Oct 24, 2016

Building Class For Corporate Tenants

By Don Catalano

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When you start to look at building classifications while doing your research on available office space, things can begin to seem like alphabet soup pretty fast. You'll often find A, B and C class buildings located within the same general geographic area, and all those letters can begin to blur together after awhile.

 

The truth is, though, that building classifications provide valuable information to prospective tenants, making it important that you understand their meanings and implications. Let's take a look at each:

 

Class A Buildings

What They Are: 

Class A buildings are the most modern in a given geographic area. They feature state-of-the-art systems like the latest innovations in heating and cooling and are usually professionally managed. To obtain a Class A status, a building must typically have effective onsite security and amenities available to tenants.

Benefits for Tenants: 

A Class A building means getting the best of the best in a given area. Often, Class A buildings feature green technologies that can reduce utility costs. Normally, the buildings are the most prestigious and attract the most successful companies in the area. Often, property managers have offices right on the property to provide immediate assistance to tenants.

Drawbacks for Tenants:

With all that Class A buildings have to offer, landlords are able to charge the highest possible rental rates for spaces within them.

 

Class B Buildings

What They Are:

Class B buildings are usually older than Class A properties, but they are generally in good repair. They have reliable building systems and their facilities are well kept and may even have been renovated in recent years. Some features that are considered standard with Class A buildings like on-site parking, amenities and securities may not be offered with a Class B property.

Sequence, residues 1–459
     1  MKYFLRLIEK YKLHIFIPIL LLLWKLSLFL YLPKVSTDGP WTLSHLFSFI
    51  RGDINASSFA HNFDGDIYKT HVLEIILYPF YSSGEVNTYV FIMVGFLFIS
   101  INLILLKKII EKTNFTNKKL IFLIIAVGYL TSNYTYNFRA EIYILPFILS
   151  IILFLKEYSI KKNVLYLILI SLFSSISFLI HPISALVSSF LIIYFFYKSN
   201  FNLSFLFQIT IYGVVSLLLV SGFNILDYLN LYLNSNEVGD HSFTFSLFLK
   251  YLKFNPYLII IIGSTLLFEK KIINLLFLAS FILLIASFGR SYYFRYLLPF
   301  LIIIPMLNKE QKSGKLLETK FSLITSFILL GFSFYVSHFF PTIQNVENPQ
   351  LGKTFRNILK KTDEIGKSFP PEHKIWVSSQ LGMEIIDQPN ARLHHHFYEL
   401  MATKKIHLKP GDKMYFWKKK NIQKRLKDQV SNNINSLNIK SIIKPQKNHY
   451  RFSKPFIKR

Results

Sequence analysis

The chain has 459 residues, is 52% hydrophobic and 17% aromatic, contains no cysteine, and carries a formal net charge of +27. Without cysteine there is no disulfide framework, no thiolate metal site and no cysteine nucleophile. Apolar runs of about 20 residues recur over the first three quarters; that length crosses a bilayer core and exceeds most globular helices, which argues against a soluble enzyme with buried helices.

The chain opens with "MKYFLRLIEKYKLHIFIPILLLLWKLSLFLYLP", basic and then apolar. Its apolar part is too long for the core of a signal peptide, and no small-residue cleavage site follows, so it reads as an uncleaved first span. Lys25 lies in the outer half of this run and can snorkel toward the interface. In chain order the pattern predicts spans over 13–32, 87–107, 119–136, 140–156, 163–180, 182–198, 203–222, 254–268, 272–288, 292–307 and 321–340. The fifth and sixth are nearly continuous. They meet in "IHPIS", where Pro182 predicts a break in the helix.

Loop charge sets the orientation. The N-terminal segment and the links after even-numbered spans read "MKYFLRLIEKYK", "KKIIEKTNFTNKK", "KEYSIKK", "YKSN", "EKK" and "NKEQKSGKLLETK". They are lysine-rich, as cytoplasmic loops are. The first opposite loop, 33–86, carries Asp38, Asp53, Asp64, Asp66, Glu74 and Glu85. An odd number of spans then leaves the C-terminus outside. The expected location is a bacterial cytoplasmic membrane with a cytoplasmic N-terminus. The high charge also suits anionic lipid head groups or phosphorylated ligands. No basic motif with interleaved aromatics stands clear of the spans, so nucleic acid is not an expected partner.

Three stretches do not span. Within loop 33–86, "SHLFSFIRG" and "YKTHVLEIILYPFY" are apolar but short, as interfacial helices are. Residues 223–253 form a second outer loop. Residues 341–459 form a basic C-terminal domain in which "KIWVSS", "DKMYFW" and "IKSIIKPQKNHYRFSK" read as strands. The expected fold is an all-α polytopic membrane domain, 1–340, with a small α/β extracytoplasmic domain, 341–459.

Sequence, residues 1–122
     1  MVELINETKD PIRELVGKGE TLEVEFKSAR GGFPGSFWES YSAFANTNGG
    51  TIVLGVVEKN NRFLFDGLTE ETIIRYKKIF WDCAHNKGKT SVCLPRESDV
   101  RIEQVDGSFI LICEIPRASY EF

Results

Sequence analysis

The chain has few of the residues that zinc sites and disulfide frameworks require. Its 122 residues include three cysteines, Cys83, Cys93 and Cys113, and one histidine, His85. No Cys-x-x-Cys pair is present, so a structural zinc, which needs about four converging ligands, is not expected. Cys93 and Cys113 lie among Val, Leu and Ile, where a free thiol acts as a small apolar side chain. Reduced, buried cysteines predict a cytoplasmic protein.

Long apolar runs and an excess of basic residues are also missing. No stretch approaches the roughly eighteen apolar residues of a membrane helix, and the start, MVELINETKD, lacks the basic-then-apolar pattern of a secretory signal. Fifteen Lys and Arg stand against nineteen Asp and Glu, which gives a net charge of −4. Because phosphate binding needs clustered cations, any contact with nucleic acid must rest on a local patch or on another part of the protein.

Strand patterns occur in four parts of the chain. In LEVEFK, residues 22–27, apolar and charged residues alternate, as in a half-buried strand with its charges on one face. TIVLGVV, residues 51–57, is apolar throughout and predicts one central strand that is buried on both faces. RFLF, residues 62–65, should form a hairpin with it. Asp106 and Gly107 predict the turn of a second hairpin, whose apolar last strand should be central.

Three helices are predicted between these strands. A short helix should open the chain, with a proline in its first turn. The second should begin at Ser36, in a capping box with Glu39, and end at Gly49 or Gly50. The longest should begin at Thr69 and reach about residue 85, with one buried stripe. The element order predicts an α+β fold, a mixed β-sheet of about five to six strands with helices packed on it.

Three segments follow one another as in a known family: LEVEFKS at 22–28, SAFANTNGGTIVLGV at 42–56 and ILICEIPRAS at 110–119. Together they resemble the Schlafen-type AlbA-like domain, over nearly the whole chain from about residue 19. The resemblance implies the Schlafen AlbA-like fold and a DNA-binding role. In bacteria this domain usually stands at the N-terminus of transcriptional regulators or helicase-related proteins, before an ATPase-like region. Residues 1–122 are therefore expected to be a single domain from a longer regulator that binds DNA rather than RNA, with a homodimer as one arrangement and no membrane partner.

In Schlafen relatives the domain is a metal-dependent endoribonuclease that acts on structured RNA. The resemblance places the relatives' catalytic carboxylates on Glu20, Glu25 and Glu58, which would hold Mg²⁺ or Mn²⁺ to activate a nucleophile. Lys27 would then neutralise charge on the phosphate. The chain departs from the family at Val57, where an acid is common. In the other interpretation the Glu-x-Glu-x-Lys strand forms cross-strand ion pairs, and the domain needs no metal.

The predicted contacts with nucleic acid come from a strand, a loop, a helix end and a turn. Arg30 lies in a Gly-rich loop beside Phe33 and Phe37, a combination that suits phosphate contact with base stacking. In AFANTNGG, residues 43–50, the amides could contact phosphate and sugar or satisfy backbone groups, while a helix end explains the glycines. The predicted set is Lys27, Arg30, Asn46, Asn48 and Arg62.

Benefits for Tenants: 

Rental rates in Class B buildings will generally be lower than those for Class A buildings, yet with the discounted rates, you'll still get the benefits of reliable building systems. In highly competitive areas, Class B buildings may offer many amenities.

Drawbacks for Tenants:

With Class B buildings, there is more of a risk for things breaking and repairs being necessary. Some will appear dated, and you're less likely to find any green improvements in buildings of this class.

 

Class C Buildings

What They Are: 

Class C buildings are usually more than 25 years old and have not been renovated in recent years. As a result, they usually have outdated decor and building systems. Buildings in this class are not always professionally managed, and you're less likely to get special amenities.

Benefits for Tenants: 

The biggest benefit of a Class C building is very low rental costs. Also, some properties will have more relaxed standards and may be willing to accept riskier tenants like startups and those with past credit problems.

Drawbacks for Tenants: 

The drawbacks for Class C buildings are quite similar to those of Class B buildings but to a greater degree. You should expect routine repairs to be necessary, and the lighting, heating and cooling systems are unlikely to be efficient.

 

Other great CRE articles:

Five Office Space Myths Debunked

Office Planning Tips for Corporate Tenants

The Benefits of Leasing a LEED Certified Building

 

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Topics: corporate tenants, building class

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Don Catalano

Don Catalano

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